Figure 8.5: Click on colored rectangles in the full-screen interactive map of restrictive covenants in the Hartford area in the 1940s. Real estate developers wrote restrictions into property deeds that prohibited occupants “other than the Caucasian race.” The U.S. Supreme Court approved these restrictions in the 1926 Corrigan v. Buckley ruling, but later declared them unenforceable in the 1948 Shelley v. Kraemer decision. Yet these restrictions still exist in official property records. To date, we have found 5 race restrictive covenants in West Hartford. If you know of similar restrictions, by race or religion, anywhere in Connecticut, contact the author. View historical sources and the code for this map, developed by Ilya Ilyankou and Jack Dougherty, based on an earlier version created with UConn MAGIC.110

But Jackson does not explain how public schools fit into his equation, because their role shifted over time. During the immediate post-war years, doubts about the quality of schools in new suburbs meant that they did not serve as a primary motivator for leaving Hartford. Yet by the late 1950s and 1960s, suburban schools became powerful magnets that, on their own, began to attract White middle-class families. How do we explain this shift? The story of post-war metropolitan history needs to address how real estate interests, suburban homebuyers, and government officials contributed to the rise of a relatively new practice known as “selling and shopping for schools.”111

Migration out of Hartford was not driven by a perception of higher-quality suburban schools in the late 1940s and early 1950s. In several oral history interviews that Trinity researcher Jacqueline Katz conducted with former Hartford residents who moved to suburbs in the immediate post-war era, none mentioned educational quality as a deciding factor. Clifford Floyd, a Hartford insurance accountant who moved to Avon in 1952 with his spouse and three young children, gave a typical response. “We didn’t come to Avon because of the schools,” he explained. “We just thought it would be better to have a lot more land for the kids to play around in.” Even in West Hartford, where suburbanization began decades before the war, local newspaper editor Bice Clemow found low standards in school facilities, curriculum, and teacher salaries when using a survey drawn from Life magazine. “If we lived in a mill town, where the income level was modest, it would not be startling to find that we could not afford the best in public education,” wrote Clemow. “To document that we have grade B- secondary education available in West Hartford is a shock of another order.”112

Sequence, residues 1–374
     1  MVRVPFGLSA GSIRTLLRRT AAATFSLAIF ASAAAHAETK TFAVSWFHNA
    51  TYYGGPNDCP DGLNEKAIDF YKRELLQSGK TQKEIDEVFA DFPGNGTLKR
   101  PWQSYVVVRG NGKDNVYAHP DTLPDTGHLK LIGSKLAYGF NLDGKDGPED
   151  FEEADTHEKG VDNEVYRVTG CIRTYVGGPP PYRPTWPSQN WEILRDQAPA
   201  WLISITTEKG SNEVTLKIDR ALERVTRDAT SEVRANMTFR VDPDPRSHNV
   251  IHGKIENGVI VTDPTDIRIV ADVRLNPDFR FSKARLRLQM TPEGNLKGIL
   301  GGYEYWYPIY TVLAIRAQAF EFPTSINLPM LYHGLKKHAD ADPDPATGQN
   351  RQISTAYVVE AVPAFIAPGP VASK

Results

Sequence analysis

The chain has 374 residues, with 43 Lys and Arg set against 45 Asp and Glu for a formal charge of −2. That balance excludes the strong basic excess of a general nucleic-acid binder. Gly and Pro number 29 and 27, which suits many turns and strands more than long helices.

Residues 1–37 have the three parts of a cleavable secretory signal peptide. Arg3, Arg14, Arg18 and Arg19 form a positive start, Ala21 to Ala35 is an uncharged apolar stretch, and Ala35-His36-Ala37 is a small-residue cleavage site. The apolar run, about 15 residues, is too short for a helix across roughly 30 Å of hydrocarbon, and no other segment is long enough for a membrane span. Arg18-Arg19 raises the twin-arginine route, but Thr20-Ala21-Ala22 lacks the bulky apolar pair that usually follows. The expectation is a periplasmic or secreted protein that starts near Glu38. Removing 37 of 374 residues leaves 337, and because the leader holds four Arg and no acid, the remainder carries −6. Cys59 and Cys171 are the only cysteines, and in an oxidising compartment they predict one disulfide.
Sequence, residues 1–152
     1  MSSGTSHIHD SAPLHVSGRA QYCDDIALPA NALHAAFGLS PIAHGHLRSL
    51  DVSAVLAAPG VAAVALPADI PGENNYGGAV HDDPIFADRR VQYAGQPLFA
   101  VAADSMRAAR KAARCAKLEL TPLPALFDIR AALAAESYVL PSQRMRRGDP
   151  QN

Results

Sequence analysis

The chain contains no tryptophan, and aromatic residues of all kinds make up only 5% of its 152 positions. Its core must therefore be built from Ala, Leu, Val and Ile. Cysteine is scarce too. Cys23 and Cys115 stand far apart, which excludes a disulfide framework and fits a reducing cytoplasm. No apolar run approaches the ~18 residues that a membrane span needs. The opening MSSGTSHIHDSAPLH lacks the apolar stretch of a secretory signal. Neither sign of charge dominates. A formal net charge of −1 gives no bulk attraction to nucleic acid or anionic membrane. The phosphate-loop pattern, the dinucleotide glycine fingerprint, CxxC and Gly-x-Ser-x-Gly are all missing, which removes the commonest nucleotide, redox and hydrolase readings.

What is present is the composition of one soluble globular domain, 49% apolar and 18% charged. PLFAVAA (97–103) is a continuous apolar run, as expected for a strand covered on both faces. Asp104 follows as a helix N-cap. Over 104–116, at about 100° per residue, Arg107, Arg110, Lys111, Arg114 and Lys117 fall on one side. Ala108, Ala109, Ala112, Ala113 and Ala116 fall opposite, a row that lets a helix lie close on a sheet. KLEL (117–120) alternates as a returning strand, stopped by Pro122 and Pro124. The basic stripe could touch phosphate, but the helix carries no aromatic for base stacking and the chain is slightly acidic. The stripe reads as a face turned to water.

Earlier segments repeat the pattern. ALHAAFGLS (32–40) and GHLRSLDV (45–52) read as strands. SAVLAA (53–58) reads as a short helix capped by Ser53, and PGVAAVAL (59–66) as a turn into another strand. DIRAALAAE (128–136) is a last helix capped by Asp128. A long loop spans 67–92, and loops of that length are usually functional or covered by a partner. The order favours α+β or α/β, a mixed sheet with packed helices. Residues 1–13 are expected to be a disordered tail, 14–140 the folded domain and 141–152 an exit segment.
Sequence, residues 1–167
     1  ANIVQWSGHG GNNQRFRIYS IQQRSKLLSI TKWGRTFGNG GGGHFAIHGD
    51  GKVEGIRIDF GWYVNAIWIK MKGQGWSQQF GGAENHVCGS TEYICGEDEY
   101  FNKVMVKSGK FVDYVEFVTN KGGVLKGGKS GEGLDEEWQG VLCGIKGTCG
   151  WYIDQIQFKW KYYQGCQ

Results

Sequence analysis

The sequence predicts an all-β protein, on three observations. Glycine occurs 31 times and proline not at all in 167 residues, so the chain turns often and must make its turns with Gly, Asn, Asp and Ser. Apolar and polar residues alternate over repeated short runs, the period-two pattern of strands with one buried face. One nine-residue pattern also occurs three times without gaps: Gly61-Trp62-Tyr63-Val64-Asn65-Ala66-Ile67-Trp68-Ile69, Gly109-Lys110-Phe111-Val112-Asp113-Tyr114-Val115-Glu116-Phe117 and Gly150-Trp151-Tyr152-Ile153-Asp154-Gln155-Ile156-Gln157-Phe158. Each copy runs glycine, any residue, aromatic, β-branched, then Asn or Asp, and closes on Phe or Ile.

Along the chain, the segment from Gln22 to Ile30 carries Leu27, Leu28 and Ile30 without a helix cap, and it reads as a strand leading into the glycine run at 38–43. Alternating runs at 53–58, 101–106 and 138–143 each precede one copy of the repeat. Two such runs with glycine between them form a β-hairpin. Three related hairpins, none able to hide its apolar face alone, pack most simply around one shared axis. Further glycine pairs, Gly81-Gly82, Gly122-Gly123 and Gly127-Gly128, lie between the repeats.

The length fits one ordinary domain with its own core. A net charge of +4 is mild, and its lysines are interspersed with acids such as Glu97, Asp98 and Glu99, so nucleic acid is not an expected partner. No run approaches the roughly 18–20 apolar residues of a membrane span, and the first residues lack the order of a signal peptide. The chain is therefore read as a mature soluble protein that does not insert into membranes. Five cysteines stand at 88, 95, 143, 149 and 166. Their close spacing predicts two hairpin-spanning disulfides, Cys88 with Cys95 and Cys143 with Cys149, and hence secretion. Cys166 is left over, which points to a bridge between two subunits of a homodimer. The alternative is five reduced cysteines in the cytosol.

The rise of suburban schools can be attributed partly to the actions of real estate firms, which promoted selected private suburban homes by marketing their access to more desirable public schools. In West Hartford, as school enrollments grew with the post-war baby boom, a heated controversy arose at a 1954 school board meeting over a proposal to address overcrowding by redistricting neighborhoods to less crowded schools. Parents who objected based their views on the real estate market. “Whenever real estate men sell property, they tell their clients that they are in the Sedgwick, Webster Hill, or Bugbee areas,” attendance zones on the newly-constructed western side of town. Superintendent Edmund Thorne responded by blaming real estate agents for creating “social class consciousness” in the suburb, and asked, “Doesn’t it boil down to some people thinking there is more prestige to going to one school than another?” But what Thorne perceived as an imaginary distinction was becoming very real for suburban homebuyers.113